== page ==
Further proving the importance of continuing one's education beyond high school are the findings of a 2010 report from the Georgetown University Center on Education and the Workforce, which revealed that by 2018, 23% of the workforce will be required to hold a bachelor's degree.
Former Republican Senate Budget Committee Chairman Pete V. Domenici and former Clinton administration Budget Director Alice Rivlin, co-chairs of a Bipartisan Policy Center debt reduction task force, issued a 2.0 version of their plan that attempts to thread the needle between what they say is the short-term need for more economic stimulus and concern for slowing the growth of the $16.2 trillion national debt.
With the average cost of a bachelor's degree now running about $68,500 at State U. and $154,300 at a private college, one might well wonder if the investment is worthwhile. In short, it is. But the return very much depends on your major.
Rather than view additional pathways to their institutions as new competitors, colleges should see them as ways to improve their own completion rates, expand educational opportunities to more students and provide the American economy with the skilled work force of tomorrow.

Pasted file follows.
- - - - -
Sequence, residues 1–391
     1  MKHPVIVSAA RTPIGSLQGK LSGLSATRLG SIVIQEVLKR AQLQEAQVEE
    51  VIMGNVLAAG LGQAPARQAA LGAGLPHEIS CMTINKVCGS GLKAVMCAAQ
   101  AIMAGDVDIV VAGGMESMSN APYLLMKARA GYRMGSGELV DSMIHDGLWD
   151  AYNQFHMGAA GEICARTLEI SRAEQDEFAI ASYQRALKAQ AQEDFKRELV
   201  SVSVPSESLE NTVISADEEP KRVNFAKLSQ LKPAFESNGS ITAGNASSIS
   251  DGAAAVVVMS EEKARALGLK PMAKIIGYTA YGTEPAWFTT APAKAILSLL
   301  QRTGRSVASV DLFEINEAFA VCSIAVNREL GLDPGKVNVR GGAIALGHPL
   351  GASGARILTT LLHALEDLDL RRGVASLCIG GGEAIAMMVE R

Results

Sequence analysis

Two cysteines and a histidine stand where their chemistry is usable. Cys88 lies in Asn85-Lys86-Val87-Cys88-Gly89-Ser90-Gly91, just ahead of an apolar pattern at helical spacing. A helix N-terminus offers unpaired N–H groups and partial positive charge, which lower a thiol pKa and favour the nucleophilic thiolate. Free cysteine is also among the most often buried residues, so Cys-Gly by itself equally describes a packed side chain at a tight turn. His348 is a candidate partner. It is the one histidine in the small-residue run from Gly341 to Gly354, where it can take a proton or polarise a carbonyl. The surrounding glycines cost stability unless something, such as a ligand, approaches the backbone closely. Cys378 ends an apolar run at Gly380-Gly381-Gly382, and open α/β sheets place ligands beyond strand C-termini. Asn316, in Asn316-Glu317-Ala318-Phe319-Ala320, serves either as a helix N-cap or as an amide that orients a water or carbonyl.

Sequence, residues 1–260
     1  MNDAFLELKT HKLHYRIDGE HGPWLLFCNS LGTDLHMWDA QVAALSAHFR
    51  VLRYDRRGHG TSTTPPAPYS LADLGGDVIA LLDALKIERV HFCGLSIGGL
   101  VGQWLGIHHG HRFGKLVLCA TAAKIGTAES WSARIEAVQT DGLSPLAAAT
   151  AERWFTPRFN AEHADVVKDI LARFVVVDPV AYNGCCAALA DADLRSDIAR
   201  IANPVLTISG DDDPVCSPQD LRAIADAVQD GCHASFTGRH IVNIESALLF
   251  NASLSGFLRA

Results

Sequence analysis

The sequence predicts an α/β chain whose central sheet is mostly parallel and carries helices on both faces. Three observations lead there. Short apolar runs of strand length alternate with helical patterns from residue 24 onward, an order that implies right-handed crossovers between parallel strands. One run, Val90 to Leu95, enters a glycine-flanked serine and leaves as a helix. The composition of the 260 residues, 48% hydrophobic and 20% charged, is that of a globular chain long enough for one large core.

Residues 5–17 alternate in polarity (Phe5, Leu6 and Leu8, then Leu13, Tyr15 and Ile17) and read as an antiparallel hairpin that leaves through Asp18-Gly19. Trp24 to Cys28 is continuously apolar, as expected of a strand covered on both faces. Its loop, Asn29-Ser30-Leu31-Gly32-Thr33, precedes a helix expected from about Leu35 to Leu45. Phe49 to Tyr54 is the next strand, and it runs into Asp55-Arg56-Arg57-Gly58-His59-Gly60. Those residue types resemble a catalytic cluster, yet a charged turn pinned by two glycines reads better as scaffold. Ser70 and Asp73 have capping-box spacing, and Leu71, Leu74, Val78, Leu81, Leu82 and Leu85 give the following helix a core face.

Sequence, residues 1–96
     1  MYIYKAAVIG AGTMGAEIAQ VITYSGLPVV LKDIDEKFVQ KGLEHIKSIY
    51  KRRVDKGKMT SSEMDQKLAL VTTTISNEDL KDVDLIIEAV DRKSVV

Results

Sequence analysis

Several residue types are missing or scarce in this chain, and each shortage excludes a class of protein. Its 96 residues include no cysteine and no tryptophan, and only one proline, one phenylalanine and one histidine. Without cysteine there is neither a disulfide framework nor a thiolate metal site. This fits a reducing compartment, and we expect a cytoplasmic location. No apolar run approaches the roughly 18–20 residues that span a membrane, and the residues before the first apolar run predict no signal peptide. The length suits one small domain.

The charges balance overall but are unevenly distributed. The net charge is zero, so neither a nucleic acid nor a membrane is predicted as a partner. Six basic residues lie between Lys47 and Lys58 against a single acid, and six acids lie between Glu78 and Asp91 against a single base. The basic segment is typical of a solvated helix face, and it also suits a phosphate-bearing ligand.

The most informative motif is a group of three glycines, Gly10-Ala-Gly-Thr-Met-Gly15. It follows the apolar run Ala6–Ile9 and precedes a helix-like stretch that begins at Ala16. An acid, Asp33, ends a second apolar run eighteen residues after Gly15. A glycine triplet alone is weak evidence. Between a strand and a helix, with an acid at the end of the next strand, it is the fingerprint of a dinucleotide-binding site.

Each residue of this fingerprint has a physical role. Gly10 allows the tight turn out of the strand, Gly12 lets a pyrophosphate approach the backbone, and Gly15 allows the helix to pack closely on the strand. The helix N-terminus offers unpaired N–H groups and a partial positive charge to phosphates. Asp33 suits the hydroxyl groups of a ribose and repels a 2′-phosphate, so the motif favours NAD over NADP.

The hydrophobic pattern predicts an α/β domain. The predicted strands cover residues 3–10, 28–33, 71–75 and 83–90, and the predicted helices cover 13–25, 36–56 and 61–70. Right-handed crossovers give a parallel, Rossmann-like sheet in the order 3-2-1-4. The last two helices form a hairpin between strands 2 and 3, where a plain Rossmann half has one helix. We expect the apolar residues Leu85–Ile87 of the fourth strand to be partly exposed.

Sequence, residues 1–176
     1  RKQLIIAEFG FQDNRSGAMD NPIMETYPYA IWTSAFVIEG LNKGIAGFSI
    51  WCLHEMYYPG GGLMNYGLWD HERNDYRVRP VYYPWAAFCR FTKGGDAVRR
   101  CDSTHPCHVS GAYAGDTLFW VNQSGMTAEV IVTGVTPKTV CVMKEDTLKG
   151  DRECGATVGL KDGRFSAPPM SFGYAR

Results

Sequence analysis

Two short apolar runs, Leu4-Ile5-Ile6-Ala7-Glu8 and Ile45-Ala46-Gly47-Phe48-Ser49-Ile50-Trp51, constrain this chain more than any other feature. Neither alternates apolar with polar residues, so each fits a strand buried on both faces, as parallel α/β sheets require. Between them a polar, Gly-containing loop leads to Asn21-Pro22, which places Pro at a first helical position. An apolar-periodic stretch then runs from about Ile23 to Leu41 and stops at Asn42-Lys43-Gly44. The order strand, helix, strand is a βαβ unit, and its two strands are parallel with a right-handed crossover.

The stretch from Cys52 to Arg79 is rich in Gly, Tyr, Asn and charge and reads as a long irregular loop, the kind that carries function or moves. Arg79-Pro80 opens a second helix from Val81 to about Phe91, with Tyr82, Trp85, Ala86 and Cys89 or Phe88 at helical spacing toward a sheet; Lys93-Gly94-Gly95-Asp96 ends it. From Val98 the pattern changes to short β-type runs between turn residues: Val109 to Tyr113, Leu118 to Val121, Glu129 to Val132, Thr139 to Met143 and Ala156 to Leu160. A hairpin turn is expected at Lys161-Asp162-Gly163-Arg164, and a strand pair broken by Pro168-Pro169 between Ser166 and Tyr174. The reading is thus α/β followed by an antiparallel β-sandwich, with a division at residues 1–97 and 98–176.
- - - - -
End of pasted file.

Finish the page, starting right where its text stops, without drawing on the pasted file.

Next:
America's growing student debt burden is due to price hikes, sure, but it's also the result of increased costs of living and the fact that more and more students are heading to campus. And ultimately, we're not yet at the point where those with the ability to graduate are really being priced out of an education. The trick is making sure we don't get there.
The fiscal cliff creates an enormous opportunity to end an era in which it was never, ever permissible to raise taxes. In the pre-Grover days, conservatives believed passionately in pay-as-you-go government. A tough stand by progressives will make it easier for conservatives to return to the path of fiscal responsibility.